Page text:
Romney's Final Debate Prep

Since the final debate on Monday will primarily concern foreign policy, Romney may be limited to making the two points just noted in his final statement. That's not the case with the third item he needs to mention.

At a campaign even in Iowa on Wednesday, Obama gave Romney an opening to make that third point when he bogusly attempted to ridicule his challenger for not adequately explaining his economic plan:

Usually when a politician tells you he’s going to wait until after the election to explain a plan to you, they don’t have a pleasant surprise in store for you.

That statement presents the perfect opportunity for Romney to let Americans know what Obama, when he thought he couldn't be heard, told Russian Prime Minister Dmitri Medvedev in March about his ability to accommodate Russian demands that we weaken our missile defenses:

After my election I have more flexibility.

Romney should bring up the exchange and tell America, "When a president of the United States tells a foreign leader whose country is not on fully friendly terms with us that he will 'have more flexibility' after 'my election,' he doesn't have a pleasant surprise in store for the American people."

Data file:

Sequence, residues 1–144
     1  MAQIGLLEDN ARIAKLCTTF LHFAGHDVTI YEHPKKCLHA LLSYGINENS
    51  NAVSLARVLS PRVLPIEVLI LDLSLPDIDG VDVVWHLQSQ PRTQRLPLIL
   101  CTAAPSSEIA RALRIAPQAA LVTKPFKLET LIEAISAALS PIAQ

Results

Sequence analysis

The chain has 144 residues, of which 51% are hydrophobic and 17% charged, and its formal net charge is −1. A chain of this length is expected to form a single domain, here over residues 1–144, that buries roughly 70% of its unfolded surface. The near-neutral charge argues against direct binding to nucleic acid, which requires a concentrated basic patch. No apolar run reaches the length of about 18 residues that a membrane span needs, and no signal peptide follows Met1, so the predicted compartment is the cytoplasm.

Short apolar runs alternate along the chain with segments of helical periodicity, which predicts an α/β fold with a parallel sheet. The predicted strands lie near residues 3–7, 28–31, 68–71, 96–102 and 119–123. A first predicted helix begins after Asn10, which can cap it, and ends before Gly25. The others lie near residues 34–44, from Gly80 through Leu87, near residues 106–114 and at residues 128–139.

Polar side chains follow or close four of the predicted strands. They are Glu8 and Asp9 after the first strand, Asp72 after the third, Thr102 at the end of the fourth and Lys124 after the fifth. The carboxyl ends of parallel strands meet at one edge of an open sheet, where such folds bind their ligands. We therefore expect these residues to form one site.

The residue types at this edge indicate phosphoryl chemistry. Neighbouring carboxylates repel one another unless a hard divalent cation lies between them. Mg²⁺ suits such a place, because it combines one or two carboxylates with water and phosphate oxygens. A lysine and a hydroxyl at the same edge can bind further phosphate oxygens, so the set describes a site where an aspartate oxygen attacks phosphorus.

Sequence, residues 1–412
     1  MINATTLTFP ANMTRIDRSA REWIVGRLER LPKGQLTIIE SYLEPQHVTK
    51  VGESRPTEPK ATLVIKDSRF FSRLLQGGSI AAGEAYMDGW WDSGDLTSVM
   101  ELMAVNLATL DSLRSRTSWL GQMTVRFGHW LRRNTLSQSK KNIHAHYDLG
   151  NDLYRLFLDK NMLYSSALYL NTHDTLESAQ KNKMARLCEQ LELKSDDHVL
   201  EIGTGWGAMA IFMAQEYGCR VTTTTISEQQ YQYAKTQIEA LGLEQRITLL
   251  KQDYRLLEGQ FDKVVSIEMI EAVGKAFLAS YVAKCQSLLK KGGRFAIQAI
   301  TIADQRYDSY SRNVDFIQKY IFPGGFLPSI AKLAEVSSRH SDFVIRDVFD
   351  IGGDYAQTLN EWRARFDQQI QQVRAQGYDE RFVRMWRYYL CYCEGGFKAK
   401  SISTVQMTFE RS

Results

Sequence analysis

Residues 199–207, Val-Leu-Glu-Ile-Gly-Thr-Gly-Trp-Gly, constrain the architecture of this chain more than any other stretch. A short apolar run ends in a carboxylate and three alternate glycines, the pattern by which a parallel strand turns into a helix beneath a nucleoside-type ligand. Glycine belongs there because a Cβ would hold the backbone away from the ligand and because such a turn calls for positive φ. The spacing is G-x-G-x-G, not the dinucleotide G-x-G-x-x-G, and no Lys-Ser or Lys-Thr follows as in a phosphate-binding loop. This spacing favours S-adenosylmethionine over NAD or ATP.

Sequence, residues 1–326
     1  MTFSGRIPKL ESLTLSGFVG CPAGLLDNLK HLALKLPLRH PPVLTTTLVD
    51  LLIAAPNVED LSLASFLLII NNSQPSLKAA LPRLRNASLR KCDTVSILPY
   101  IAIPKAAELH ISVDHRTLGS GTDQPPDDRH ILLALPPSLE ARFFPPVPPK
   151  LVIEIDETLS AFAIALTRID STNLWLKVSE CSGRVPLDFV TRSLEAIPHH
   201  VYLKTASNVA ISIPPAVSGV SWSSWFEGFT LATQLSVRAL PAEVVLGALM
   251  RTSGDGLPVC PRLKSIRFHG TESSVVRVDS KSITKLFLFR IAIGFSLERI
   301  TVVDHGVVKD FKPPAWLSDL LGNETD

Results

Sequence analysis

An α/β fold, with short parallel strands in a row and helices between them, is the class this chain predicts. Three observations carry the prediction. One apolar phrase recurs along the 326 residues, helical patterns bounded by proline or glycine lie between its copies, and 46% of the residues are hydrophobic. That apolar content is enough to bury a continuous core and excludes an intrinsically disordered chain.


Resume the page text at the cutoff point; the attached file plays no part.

If one is to believe the polls -- a dangerous exercise, as PJ Media's Zombie has noted, when those who conduct these surveys are failing to reach almost 40 percent of those they wish to contact and can only take one in seven of those reached to completion -- Romney could be on the verge of taking command of the race. That's great, but it certainly doesn't justify anything less than an all-out rhetorical effort at Monday's final debate. The worst president by far in my lifetime and every down-ticket politician who has supported him deserve the most decisive electoral beatdown Romney and Republicans can deliver.

Team Romney needs to treat all of the states considered toss-ups and the growing roster of those moving from "safe Obama" to "leaning Obama" the way Ronald Reagan did in very analogous circumstances 32 years ago. The Gipper, looking at a color-coded map with state-by-state electoral strategies, famously said: "They all look winnable to me." He took 44 of them in his thumping of incumbent Jimmy Carter.

If he tells the American people what they need to hear and what the Obama apparatchik media has mostly kept from them, a victory approaching that magnitude may be within Mitt Romney's grasp.